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#Fast Fridays in #Lent… not that we might do, that we might be… not the sins, but the faith.

#Fast Fridays in #Lent… not that we might do, that we might be… not the sins, but the faith.

Lent is not a punch card. It is not a ticket to heaven. It is not dues paying or making deposits in some holy account.

Lent, in the briefest way, means 40 Days. In the longer way it means this.

40 Days.

Productivity experts tell us that it takes more than 30 days to make something a habit. Some say 66. 

Anyway, I think that’s the point of Lent for me in terms of my spiritual life. It’s making me look at my habits and asking me to add a few that will aid my faith and help me break the sinful habits. It’s like me staring at Jesus in the desert who is staring down temptation. It’s making me stronger. But only if Jesus is with me to give me courage. And the only way he is going to do that is if I’m faithful to the church which gives me the graces I need, since I’m not very courageous on my own.

Honestly, there are many days that I want my Lent to be a ticket that I punch. That way I don’t have to enter into it fully. It can become something that I check off my to-do list.

Sorry, Pat. It ain’t a to-do list.

It’s more like a to be list.

*sigh*

Honestly, I’m so much better at the doing thing.

This is much more than a Martha vs Mary struggle. I understand that message. And trust me, what I’m thinking about is way more than putting Christ above housework and people about things. I understand those priorities. It must now be Christ always. First always. Not first mostly…  This is about how fast do I want to conform to Christ? How quick am I to obey for love of Him? How long will it take for his cruciform to appear in me?

This little meditation from the Magnificat stopped me cold yesterday morning. It is anti-ticket punch. It is antithesis of the gold star mentality of earning our way to heaven, or at least earning our way through Lent. It’s about full on entering into being the one Jesus is recreating us to be. To let Jesus be in me that I might become more like him, to imitate him with greater proficiency and more in line with his thinking, his ways.

And guess what? It positively will not happen without the Church and what the Church prescribes for me, not only this Lent, but always.

Sometimes we take up the attitude vis-à-vis the Church of someone who is looking for a certificate of good behavior. But the Church doesn’t supervise: she exists and we exist within her. She is the Body of Christ and we are members of the Body. Our dependence on her and our commitment to her, if they entail external acts or signs, are above all an internal and vital dependence and commitment. Our dependence on the body that she is, is considerable.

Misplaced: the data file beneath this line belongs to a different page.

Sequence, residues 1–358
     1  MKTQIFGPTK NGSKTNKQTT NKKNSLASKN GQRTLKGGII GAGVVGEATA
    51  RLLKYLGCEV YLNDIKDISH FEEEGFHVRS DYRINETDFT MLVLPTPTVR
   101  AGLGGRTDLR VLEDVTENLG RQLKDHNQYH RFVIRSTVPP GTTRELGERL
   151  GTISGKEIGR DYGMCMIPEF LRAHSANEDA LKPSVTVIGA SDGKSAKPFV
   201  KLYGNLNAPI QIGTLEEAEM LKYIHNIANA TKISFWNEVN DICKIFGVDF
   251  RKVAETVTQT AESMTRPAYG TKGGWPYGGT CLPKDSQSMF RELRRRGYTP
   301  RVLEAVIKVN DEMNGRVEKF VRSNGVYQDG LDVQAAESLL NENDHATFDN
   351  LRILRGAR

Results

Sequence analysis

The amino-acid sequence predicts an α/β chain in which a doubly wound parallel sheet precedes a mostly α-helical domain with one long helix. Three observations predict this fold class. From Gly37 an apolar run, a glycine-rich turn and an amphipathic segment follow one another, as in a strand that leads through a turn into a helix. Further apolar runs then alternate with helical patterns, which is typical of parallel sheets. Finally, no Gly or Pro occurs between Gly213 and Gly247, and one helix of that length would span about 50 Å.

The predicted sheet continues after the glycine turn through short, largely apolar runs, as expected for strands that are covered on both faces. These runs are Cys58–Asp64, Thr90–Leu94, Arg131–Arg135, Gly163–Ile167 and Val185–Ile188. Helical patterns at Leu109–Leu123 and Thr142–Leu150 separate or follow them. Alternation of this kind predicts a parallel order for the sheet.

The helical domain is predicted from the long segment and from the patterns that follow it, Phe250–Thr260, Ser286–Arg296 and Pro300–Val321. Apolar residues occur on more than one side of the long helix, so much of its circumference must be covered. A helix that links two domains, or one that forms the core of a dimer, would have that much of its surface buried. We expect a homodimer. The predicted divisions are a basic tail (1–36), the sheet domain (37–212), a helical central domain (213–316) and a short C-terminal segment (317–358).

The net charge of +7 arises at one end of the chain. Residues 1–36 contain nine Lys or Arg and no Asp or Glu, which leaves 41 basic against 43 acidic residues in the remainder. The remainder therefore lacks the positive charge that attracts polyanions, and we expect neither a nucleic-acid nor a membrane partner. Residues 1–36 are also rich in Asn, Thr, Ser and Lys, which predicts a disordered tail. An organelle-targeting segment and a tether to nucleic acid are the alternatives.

But our initiative, our responsibility, and our function are also considerable. We are designed as irreplaceable parts of the Church. Both our submissions and our initiatives are matters of obedience, as they would be for a body’s cells…

We don’t make good on obedience with a prayer said at Mass, with a devotion to a priest or to a movement. We don’t even make good on it with a faithful life of the sacraments, or with a fervent life of prayer, but rather by carrying our sacramental life and our prayer life wherever they must go, all the way to the end for which they were made.

– Servant of God Madeleine Delbrêl (from We, the Ordinary People of the Streets)

Wherever they must go, all the way to the end for which they were made. That is purpose of Lent. Because that is the purpose of faith… that we might be in a relationship with the One who called us to be.

But let me tell you, I repeat: I cannot be all that I am to be without the Body of Christ, the Church. I cannot make it without grace.

It is the Church that believes first, and so bears, nourishes and sustains my faith. Everywhere, it is the Church that first confesses the Lord: “Throughout the world the holy Church acclaims you”, as we sing in the hymn “Te Deum”; with her and in her, we are won over and brought to confess: “I believe”, “We believe”. It is through the Church that we receive faith and new life in Christ by Baptism. (Catechism of the Catholic Church, 168)

There is one tiny little prayer that priest offers at Mass before the Sign of Peace. Maybe you know it. It is a great consolation to me:

Lord Jesus Christ, you said to your apostles: I leave you peace, my peace I give you. Look not on our sins, but on the faith of your Church, and grant us the peace and unity of your kingdom where you live for ever and ever. (Emphasis mine.)

I am always praying that in some way. Every day. Look not on the sins, but on the faith. My sins and the faith of the Church.

Thank you, Church.

 Above all hold unfailing your love for one another, since love covers a multitude of sins.
1Peter 4:8

 

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